July 13, 1998
New York Magazine
Two New Jersey High School sweethearts have a baby in secret and leave it in a Delaware dumpster.
THE sex-education program at Ramapo High School—attended by students from the wealthy suburbs of Wyckoff and Franklin Lakes, in Bergen County, New Jersey—is generally considered to be “kind of a joke.” Teen parenthood is almost unheard-of here, because, as one teacher explains, “our students know they have futures. They’ve been planning their futures since preschool. The last thing they’d dream of is throwing everything away and having a baby.” As part of their senior health class, students are asked to bring in a symbolic baby and care for it for two weeks while they are in school. Many of the kids in the class of 1996 found the exercise silly, but Brian C. Peterson Jr. and his girlfriend of three years, Amy Suzanne Grossberg, liked it: They bought a Cabbage Patch doll, which they carried around, cooing to it and cradling it, pretending it was their own baby.
What no one else in school knew then was that during the spring of her senior year—at the very time they were playing this game—Amy was pregnant. In November 1996, a few months into the fall term of her freshman year at the University of Delaware, Amy gave birth to a baby whom she and Brian covertly delivered and promptly abandoned in a suburban motel Dumpster. Days later, they were indicted and arrested for first-degree murder, a death-penalty crime in Delaware, and then released on bail into the care of their parents.
In Wyckoff and its wealthier neighbor Franklin Lakes, where Amy grew up, there has been enormous sympathy for the Grossberg and the Peterson families. Once the initial furor subsided, in the minds of many townspeople, Brian and Amy quickly returned to their previous identities as the offspring of “good families.” Many parents seem to think, as Rosalie Stanton, a Grossberg family friend, puts it, that “this could have been anyone’s kid.” Friends of the Grossbergs from the Indian Trail Country Club in Franklin Lakes even formed an “Amy Grossberg Defense Fund.” As this week’s sentencing approached, many felt, like Peterson family friend Lorraine Palmetto, that “they’ve been punished enough.”
Throughout the year, as they awaited trial, the accused teenagers didn’t let the trouble separate them. Brian still drove his shiny black Toyota Celica the short distance from his parents’ house to the condominium where Amy lived with her parents, and bought a present for her at the Bear’s Den in Wyckoff Center: a velour bunny-rabbit Beanie Baby whose silver tag is inscribed with a birth date. At court appearances, they touched each other’s hands in passing and conspicuously mouthed “I love you” across the crowded courtroom. Both Brian and Amy’s lawyers asserted again and again that they would never “turn on one another.”
But on March 9, just before the trial, Brian suddenly pleaded guilty to manslaughter in exchange for agreeing to testify against Amy. His lawyers, however, said that while Brian felt “contrition for these occurrences…never, never did he intend to harm that newborn,” and that he threw the baby away, at Amy’s instruction, because he thought it was born dead. Six weeks later, Amy followed suit. She entered the courtroom sobbing, her head bowed, her arms wrapped around the waist of her chief lawyer. Although she pleaded guilty to manslaughter, her lawyers insisted that she never knew the baby was alive and that Brian had disposed of it on his own.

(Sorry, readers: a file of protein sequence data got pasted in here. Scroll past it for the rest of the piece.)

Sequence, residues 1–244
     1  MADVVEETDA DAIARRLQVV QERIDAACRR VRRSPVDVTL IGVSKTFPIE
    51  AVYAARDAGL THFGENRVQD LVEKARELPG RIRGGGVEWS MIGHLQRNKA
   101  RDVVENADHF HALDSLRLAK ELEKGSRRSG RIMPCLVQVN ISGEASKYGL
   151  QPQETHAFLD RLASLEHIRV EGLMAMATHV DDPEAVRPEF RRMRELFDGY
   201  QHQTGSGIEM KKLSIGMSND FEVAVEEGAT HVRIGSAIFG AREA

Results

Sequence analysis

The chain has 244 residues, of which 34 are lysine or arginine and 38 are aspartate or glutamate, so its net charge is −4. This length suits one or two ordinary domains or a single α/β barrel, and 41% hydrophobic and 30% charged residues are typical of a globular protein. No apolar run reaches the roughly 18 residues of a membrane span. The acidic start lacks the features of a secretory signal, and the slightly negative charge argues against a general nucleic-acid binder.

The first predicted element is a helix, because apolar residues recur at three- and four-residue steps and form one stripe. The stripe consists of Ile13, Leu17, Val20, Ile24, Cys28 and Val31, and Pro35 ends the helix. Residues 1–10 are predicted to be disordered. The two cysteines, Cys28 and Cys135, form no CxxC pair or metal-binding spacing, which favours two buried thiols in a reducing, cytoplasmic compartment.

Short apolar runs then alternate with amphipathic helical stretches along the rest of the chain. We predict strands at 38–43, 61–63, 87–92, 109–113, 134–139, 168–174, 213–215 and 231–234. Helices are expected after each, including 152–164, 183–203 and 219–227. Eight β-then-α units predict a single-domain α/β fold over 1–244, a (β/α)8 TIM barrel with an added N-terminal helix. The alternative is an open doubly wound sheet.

On July 9, the estranged couple—who haven’t spoken since March—will both be sentenced in Delaware Superior Court for manslaughter—a charge that carries a suggested penalty of just two and a half years in jail. The harshest term they can receive is ten years; the most lenient is no jail time at all. But while the prosecution, in a surprising last-minute decision, accepted the lesser plea, its own forensic evidence—ksealed by a gag order and never before made public—suggests that Brian and Amy’s crime was less a panicked accident than a deliberate incident of first-degree murder: Moments after their infant was born, they bashed in his skull while he was still alive and then left his battered body in a Dumpster to die.
NEONATICIDE the killing of an infant within its first day—and usually its first hour—of life, is a strange subset of infanticide. Most psychiatrists consider it more a crime of “convenience” than psychosis, although the convenience of the act seems completely baffling: Why, today, in an era in which more than 1.2 million abortions are performed legally and safely every year, would a woman choose to jeopardize her own life to rid herself of an unwanted pregnancy?
There are about 250 cases of neonaticide reported each year and presumably many many more that are never discovered. Usually, the mother is young; she often has scant financial or emotional resources. Dr. Neil S. Kaye, a forensic psychiatrist and an expert on neonaticide, notes that “the typical mother in such a case remembers little of the birth, expresses no regret, and shows no signs of trauma. She never viewed the baby as a person, so she never sees the death as murder. To the extent to which she acknowledges it at all, she views the pregnancy as a growth, like a tumor. A tumor is living material—you could irradiate it, cut off its blood supply, and no one would expect you to mourn it.” Seven months after the Grossberg case, New Jersey teenager Melissa Drexler was so severely disassociated that after delivering and disposing of her newborn in the bathroom during her high-school prom, she returned to the dance floor, requested a song, and ate a salad.